The EPPIC model is based on a clinical staging model, which has been used in medicine for many years. The aim of this model, is to access people at a more responsive stage of illness in which psychosocial damage is less extensive. As such, the model aims to reduce duration of untreated psychosis, and…

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  2. Richard Monfries

    logged in via Twitter

    A little more balance, and a lot less polemic would be helpful.

    What alternatives do you propose?

    There may not be 'enough evidence' to answer the skeptics and naysayers, but as a model of assistance and early intervention that has been around since at least 1991, with a worldwide movement based on the EPPIC model: http://www.iepa.org.au/ , the alternative to being available (and you can include the headspace model as well http://www.headspace.org.au/ ) for young people, their families and their friends, even with the risk of an occasional false positive, is...?

    I've been a dual Registered & Psychiatric Nurse for 30+ years: for 21 of those years I've worked in public mental health, for 14 of those years I've worked in youth mental health as a case manager, providing supervised assistance to young people and the families that love them. I'm pretty sure I know what the alternative to doing nothing, or less, might be, and it isn't nice, or ethical.

    All the best

    Richard

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    1. Melissa Raven

      Adjunct lecturer at Flinders University

      In reply to Richard Monfries

      Hi Richard

      Firstly, '[lack of] balance', '[excessive] polemic', 'skeptics and naysayers' - these are all useful disparaging comments that deflect attention from the issues I have raised.

      My article is about the evidence about EPPIC. If you think it is unbalanced, feel free to contribute some evidence about EPPIC to redress this imbalance. Or just mention one or two specific points of mine that are unbalanced. Or otherwise explain in what way(s) the article is unbalanced.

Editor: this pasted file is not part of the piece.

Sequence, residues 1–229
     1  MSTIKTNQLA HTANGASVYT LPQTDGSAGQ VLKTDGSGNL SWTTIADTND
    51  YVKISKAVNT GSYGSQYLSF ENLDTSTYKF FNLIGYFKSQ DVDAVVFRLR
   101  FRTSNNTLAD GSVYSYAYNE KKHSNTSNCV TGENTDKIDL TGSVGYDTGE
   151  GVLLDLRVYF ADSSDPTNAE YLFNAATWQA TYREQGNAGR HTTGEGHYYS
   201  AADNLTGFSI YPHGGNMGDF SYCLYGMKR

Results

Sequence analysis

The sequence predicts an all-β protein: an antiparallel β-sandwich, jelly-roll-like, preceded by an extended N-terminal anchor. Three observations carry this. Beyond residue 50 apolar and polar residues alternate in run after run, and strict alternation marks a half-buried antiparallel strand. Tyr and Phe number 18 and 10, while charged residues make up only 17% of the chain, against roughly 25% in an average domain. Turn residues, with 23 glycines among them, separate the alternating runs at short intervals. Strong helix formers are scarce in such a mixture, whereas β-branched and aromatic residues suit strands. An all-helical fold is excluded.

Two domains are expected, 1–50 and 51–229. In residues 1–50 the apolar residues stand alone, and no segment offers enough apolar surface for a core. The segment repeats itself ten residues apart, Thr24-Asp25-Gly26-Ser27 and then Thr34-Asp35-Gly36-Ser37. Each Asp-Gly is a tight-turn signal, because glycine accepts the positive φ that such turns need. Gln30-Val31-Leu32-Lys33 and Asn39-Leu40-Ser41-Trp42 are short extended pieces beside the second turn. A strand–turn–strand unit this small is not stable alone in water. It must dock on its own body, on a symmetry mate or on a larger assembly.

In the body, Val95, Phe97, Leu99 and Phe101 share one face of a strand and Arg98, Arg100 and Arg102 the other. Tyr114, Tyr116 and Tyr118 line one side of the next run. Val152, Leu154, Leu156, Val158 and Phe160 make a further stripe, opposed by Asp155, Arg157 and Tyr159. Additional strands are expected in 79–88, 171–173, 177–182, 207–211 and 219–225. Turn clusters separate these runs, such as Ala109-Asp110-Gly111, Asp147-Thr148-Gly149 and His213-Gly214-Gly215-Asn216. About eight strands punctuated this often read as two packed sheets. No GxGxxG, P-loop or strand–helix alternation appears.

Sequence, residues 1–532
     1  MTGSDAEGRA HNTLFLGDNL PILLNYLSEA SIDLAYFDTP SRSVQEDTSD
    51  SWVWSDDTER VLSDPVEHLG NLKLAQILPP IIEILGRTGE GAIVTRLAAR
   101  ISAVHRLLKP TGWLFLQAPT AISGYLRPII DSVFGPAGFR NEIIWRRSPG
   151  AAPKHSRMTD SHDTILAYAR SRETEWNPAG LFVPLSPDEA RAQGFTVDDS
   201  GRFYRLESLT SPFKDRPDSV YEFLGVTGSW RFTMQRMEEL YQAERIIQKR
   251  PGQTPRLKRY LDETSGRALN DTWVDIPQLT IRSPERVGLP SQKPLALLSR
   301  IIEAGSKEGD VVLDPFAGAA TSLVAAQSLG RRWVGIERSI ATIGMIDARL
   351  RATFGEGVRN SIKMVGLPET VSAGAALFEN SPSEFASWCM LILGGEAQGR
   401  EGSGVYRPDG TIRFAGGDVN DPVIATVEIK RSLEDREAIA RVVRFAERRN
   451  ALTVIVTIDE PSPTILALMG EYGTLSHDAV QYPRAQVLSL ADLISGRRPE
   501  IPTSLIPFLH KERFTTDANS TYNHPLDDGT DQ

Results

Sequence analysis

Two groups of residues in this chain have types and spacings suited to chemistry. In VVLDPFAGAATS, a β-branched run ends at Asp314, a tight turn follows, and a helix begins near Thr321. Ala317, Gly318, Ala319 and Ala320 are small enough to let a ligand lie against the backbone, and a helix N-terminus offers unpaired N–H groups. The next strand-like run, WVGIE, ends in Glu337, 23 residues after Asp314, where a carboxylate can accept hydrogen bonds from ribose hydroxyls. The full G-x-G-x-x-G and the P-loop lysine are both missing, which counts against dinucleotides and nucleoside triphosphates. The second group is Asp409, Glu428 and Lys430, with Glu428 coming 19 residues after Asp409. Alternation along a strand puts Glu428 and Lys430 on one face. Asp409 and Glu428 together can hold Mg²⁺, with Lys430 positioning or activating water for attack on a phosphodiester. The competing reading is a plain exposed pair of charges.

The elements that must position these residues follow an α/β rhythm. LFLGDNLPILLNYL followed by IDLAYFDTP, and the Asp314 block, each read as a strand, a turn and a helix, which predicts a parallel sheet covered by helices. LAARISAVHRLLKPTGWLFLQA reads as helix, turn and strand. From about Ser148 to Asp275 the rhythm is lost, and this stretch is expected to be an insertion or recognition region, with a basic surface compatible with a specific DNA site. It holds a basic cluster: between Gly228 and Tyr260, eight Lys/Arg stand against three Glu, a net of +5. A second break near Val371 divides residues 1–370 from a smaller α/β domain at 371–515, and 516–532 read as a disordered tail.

The first two paragraphs (which cited/quoted other people's concerns) and the last two, and the last heading, are clearly polemical. The middle eighteen paragraphs are a critical review of the evidence. If this is polemical, so is much of the literature on evidence-based medicine.

      Do you include the Cochrane Centre http://bit.ly/Cochraneexcluded among the 'skeptics and naysayers'?

      Melissa

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    2. Melissa Raven

      Adjunct lecturer at Flinders University

      In reply to Richard Monfries

      Secondly, questions about alternatives to EPPIC buy into the premise that the existing public mental health system is beyond redemption. They also tend to invoke a false dichotomy between EPPIC or nothing, as your final sentence suggests. I do not accept either the premise or the dichotomy.

      There are multiple possible options apart from massively boosting EPPIC, which will further fragment the system by creating stand-alone youth mental health silos, with barriers at both the lower and upper age…

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  3. Leanne Hall

    Clinical Psychologist/Epidemiologist at University of Sydney

    Interesting......

    I would have to agree with much of what Richard says. The EPPIC and headspace models came about due to very clear gaps in the Public Health System. To borrow the words of Prof Ian Hickie; "by ignoring a gap, it does not go away" yet this was the traditional view of both the Federal and State Govt, until the Howard Govt. It was because of this gap that clinicians like Richard were faced with overwhelming work loads, with limited resources and next to no Govt support.

    Melissa I…

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    1. Melissa Raven

      Adjunct lecturer at Flinders University

      In reply to Leanne Hall

      Hi Leanne

      I agree that the research I quote is extremely outdated. That is one of the main points of my article.

      Unfortunately Patrick McGorry did not explain that to the Senate last year:
      'if you compare patients that are treated in standard psychiatric care with patients that go through these streamed early psychosis programs, the costs are three times as much over an eight-year period if patients just go through the normal late intervention system. So it is actually irresponsible of Australian…

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  4. Jill Hill

    Barrister

    Dear Richard,
    There are alternatives that work and that have been ignored. Have a look at the 2008 review of the Soteria paradigm by Carlton et al. published in the Schizophrenia Bulletin ( vol. 34 no. 1 pp. 181–192, 2008) Even more astonishing are the apparent outcomes from the Finnish Western Lapland open dialogue and family network approach (Seikkula et al, Psychotherapy Research , March 2006; 16(2): 214  /228). The last seems to have a 5 year outcome with 86% of patients returning to full time work or study, 82% with no residual symptoms, and almost without medication.